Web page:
The first U.S. credit union was organized in New Hampshire in 1909. During the 1920s, not-for-profit financial cooperatives became more popular, because these institutions could offer smaller loans to people for things like appliances—the type of lending larger banks wouldn’t address at all.

Regulation

As the concept grew in the 1930s, the government implemented the Federal Credit Union Act to supervise the various cooperative financial institutions that were now spread across the nation. And as membership increased to over 6,000,000 in the 1960s, the National Credit Union Administration (NCUA) and the National Credit Union Share Insurance Fund (NCUSIF) came about to regulate the industry and protect members.

From the beginning, such cooperatives were founded on the principle of democratic governance, with all members having a say, regardless of deposit size. Members would elect a board of directors, who volunteered their time to help guide the credit union. And with a membership of more than 230 million, we still follow those practices today in 109 countries worldwide.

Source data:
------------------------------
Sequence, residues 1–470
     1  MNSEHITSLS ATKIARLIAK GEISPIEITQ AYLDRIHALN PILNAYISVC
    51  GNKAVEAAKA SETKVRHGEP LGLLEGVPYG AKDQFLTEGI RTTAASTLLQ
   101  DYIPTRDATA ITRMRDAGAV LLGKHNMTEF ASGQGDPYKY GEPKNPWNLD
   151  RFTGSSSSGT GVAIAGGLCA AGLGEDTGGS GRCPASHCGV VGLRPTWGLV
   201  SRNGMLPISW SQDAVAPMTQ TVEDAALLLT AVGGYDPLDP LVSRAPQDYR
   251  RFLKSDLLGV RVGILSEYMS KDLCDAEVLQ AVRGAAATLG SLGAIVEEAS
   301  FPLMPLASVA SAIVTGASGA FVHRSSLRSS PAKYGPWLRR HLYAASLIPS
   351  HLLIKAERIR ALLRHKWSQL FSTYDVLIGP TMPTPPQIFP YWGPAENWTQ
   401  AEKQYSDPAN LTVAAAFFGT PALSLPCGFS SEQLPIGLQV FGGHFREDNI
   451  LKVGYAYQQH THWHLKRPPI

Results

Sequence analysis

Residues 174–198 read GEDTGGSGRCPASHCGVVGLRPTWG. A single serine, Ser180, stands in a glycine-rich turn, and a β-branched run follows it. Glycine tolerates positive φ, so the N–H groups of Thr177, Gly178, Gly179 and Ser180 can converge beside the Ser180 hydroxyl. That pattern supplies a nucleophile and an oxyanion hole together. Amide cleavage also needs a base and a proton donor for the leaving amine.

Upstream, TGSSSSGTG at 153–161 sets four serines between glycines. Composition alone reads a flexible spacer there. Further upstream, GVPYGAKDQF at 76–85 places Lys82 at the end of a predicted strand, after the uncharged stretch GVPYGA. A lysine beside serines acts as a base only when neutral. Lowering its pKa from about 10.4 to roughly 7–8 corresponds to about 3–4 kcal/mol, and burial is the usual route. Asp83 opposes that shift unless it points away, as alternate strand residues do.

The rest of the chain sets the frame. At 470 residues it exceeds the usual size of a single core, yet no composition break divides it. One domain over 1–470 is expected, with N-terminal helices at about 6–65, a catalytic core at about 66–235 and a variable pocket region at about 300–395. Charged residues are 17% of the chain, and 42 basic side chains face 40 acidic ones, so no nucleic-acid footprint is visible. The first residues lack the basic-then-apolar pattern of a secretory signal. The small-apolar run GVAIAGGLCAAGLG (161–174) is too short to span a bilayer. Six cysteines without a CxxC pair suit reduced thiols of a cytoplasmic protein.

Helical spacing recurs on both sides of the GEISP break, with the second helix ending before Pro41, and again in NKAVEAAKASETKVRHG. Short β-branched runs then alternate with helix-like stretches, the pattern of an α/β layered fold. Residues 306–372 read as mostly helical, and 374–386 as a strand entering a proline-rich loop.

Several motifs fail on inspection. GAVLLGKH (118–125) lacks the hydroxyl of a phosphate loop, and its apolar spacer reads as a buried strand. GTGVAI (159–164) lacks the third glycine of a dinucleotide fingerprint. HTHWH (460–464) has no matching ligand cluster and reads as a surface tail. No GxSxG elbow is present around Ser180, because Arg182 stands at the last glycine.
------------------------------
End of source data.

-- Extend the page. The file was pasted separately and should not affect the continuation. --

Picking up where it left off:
heating

Stay Warm & Save on Heating Costs

As the weather turns colder, heaters are kicking on and many folks find themselves paying higher energy bills. However, keeping your home at a comfortable temperature doesn’t have to cost a lot. Here are some tips on how to stay warm and still save money on heating costs.

Dress Appropriately

Don’t rely just on the furnace to keep toasty in the winter—dress in warm clothes. Wear socks or a comfy jacket and you won’t have to turn the temperature up as high. Use cushy blankets while watching TV on the couch and put thick comforters & sheets on your bed.